The Morgan’s left Rotorua c.October 1840 after Mrs Morgan began suffering ill health and it was decided she would be better in Tauranga.

Chapman carries on without the Morgan’s and work gets underway for a new mission at Te Ngae.

1843 Bishop Selwyn arrives on 31st Oct and conducted the Confirmation within the bounds of the ‘Diocese of Waiapu’ 55 Maori were confirmed.

Chapman returns to Rotorua in 1843 and Rev. Spencer .... 

1843 Rev. Seymour M. Spencer arrived at the Te Ngae Mission and resides there until 1845 leaving the area due to ongoing unrest between tribes he moves his family to Kariri at Lake Tarawera where he establishes Te Mu, and is in residence there until c.1861 He is then posted to Auckland leaving the whole Maketu-Rotorua area in the care of Ihaia Te Ahu.     Spencer returns often but Te Kooti’s attack on Te Arawa forced the abandonment of Te Mu.

The 1870's passes without a permanent priest or church existing in the area. Periodically there were visits from various Priests - Marist, Benedictine and Franciscan.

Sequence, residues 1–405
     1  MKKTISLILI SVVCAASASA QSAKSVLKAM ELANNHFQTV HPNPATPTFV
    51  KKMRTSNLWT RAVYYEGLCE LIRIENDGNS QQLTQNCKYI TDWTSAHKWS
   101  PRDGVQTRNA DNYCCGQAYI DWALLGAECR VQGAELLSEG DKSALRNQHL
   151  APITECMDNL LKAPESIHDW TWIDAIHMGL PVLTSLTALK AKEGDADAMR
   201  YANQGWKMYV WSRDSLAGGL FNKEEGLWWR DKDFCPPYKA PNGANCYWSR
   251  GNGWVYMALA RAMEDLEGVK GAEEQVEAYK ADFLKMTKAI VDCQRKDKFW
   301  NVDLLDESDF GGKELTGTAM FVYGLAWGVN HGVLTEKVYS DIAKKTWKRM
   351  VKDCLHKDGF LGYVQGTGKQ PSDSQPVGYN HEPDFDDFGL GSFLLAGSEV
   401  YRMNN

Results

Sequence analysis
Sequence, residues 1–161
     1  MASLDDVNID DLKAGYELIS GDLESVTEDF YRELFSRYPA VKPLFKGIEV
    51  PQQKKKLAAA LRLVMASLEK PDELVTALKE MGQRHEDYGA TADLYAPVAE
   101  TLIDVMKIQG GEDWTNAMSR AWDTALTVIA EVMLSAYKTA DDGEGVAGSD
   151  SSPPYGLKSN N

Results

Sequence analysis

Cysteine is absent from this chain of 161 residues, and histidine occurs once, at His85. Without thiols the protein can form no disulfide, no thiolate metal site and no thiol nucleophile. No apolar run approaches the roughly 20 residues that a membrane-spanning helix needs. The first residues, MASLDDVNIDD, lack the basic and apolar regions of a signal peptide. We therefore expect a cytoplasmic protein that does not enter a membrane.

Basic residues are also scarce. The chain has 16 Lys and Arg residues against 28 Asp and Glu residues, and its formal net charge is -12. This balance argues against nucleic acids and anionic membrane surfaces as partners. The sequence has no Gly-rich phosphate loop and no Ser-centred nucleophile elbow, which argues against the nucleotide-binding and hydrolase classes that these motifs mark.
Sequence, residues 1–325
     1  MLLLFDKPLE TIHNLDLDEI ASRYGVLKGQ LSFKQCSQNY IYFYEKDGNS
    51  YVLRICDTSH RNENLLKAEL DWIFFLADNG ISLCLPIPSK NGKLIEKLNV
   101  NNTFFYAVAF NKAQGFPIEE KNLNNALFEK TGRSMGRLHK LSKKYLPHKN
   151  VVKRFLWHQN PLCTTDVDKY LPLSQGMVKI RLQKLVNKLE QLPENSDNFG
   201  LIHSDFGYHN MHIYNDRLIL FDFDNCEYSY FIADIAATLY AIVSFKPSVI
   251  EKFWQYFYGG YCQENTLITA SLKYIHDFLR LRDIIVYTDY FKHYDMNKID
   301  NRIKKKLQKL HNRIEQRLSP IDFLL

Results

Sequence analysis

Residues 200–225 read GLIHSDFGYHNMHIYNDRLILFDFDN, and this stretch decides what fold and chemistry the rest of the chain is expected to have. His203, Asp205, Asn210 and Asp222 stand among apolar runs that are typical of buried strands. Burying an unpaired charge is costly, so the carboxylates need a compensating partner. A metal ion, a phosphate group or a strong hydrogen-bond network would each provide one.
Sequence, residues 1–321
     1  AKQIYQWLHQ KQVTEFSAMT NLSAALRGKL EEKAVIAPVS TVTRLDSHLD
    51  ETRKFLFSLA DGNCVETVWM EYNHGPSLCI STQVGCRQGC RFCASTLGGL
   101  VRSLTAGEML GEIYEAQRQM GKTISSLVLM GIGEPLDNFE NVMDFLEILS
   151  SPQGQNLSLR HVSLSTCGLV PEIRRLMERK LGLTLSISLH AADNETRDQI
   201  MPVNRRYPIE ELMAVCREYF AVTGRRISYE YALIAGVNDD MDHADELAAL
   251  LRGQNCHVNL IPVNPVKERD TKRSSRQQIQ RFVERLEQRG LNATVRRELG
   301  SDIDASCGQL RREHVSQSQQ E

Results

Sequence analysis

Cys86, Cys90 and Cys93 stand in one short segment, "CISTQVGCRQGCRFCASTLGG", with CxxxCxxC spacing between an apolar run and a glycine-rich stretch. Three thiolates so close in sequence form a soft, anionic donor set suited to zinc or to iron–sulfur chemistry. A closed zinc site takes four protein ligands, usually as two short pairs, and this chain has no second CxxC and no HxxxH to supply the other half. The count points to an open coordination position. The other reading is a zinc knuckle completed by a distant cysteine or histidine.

1876 Chapman returns to visit his Mokoia Island mission, only to die overcome by heat in Hinemoa’ s Pool on 22 Dec 1876. His body was taken to Maketu to be buried with his first wife who had predeceased him in 1855. 

Bay of Plenty Times, Volume X, Issue 1084, 30 August 1881 

from Papers Past

1880-1881 Principal Arawa chiefs are making moves to set aside a piece of land at Ohinemutu to build a church, it was to be called St Faith’s.  Part of the Muruika Peninsula is decided on and locals called in Tuhoto to lift the tapu on the area which was a burial ground for earlier residents of that pa.  

Reverend Ihaia Te Ahu is appointed 1st Vicar of St Faith’s in 1882 and remains until 1889.